The suicidal object breaks into our daily life in a brusque and unexpected way (6), almost obscenely. It provokes a gasp from the elderly lady, a look of disgust from the punctual worker, or a quick gesture of annoyance from the young altar boy. The so-called “good people” – those docile pets – are horrified by suicidal objects. This is understandable. One of the effects of exacerbated instrumentalism, under which capitalism subjugates everything under its shadow, is the concealment of objects under the mask of functionality. It has come to impose its rule to such an extent in our ways of relating to things around us that the objects themselves are no longer seen, but rather their value when considered as a commodity – and nothing more than that – that value which makes them visible in the eyes of capital (7). That is why suicidal objects generate such a tense reaction of rejection from the well domesticated since they are no longer considered means nor tool. When the functional use of the object suffers a setback, the object appears as it really is. “Freed from utilitarian bondage, the object readily throws off the mask to reveal its true face”, (8) and the appearance of that unknown face causes fear and bewilderment.

Lain basket after deliberately consumming a great dose of barbiturates
(found by Eugenio Castro in Mar de Lira, Spain, July 2009)

The most varied suicidal objects have been encountered, from household items such as an iron or a can of pepper, varied street furniture such as signs, billboards or telephone booths, through all sorts of objects such as guitars, cars or shoes, just to name a few. These are usually isolated suicide cases, although the first cases of collective suicides have been already reported. With respect to methodology, the suicides that have already occurred exhibit a wide range of possibilities: death by defenestration, hanging, getting shot in the temple, drug overdose, drowning, and even by vein cutting. Some cases reveal signs of self-injury before the suicide event, a chilling proof of the object’s state of desperation. As to the place of suicide, no predilection for marginal areas or busy areas of the city has been detected. What has been noted, on the other hand, is that the geographical dispersion of observed suicides is expanding, which may be a sign of the increased tendency of objects towards their destruction.

Hung telephone with clear automutilation signs
(seen by Eric Bragg and Noé Ortega in San Francisco's Financial District, USA, January 2010)

However, common features exist: first, the suicidal object makes its appearance. There is a short period of time when people pass by hastily but nobody wants to get very close to it. Beyond this first stage of horror, there is a morbid excitement regarding the corpse, and the suicidal object attracts varied numbers of curious people. Soon the interest dissipates and the object is finally at rest, completely abandoned. Then it disappears.

Suicidal umbrella in the bottom of a pond
(discovered by Bruno Jacobs in Stockholm, Sweden, April 2010)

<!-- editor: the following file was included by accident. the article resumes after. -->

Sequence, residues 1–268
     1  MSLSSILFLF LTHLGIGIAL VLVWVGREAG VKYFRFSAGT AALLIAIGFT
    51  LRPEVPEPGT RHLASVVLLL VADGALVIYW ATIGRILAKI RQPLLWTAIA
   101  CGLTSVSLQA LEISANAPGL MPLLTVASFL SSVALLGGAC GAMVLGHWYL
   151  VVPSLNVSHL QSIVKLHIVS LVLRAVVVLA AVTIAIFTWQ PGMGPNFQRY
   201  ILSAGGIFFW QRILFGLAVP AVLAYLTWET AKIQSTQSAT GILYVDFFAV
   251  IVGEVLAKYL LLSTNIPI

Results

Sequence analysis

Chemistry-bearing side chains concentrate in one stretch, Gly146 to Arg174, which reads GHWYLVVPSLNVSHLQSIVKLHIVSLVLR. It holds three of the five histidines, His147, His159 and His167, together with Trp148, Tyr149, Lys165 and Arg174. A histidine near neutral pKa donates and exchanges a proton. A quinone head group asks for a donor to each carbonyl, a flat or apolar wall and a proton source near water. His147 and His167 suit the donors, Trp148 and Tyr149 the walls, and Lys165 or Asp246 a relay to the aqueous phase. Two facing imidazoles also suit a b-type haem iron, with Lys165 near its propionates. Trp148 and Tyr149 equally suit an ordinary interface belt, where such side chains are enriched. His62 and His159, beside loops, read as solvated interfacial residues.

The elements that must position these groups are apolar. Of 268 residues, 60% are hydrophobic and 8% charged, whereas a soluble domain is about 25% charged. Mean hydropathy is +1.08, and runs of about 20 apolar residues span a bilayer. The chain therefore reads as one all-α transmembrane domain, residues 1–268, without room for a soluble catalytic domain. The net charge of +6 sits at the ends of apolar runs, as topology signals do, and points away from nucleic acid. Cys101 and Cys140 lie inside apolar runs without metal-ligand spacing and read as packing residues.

Disemboweled object after having commited hara-kiri
(photographed by Vicente Gutiérrez Escudero in Santander, Spain, January 2011)

Lightbulb about to fall into the dark
(encountered by Noé Ortega in Santander, Spain, February 2014)

(Published in Salamandra #19-20, Madrid, 2011.)


1. Christian Dotremont, Vie de l'objet (1944), in L'objet surréaliste, Jean Michel Place, Paris, 2005, p. 176. This text was meant to appear in La main à plume, in a special issue on the object that was ultimately never published.

2. The first part of these notes on the suicidal objects was published in the second issue of El Rapto (Madrid surrealist Group, December 2007), and then an English translation of it appeared in the second issue of the journal Phosphor (Leeds surrealist Group, Fall 2009). The translation published in the latter is the one included in the present text.

3. The situationist critique has treated this aspect thoroughly. In addition to The society of the spectacle, this concept was also treated by Raoul Vaneigem, especially in Chapter X of the The revolution of everyday life.

4. “There is nothing inanimate. At most we can say that there are still objects, or more accurately, immobilized objects”, Jean-Louis Bedouin, op. cit., p. 298.

5. “Where a first meeting between these utensils and the surrealist object occurs is in their use value. Such value lies in a shared surrender to economic uselessness”, Eugenio Castro, Los trastos arrumbados, Salamandra 17/18, Madrid, 2008.

6. A singular fact occurs with the suicidal object: it is this, with his suicide, which “comes to us”. There is no voluntary human action prior to the advent of the object, there is no intentionality, no kind of intervention comes into play. “The potential activity of the object, its movement towards the subject determine the reaction of the latter”. Martin Stejskal, La relation cérémonielle, in La civilisation surréaliste, Payot, Paris, 1976, p. 307.

7. “The relationship with the goods is not only visible, it is the only thing visible”, Guy Debord, The Society of the Spectacle.

8. Jean-Louis Bedouin, Cycle de l'objet, in La civilisation surréaliste, Payot, Paris, 1976, p. 299.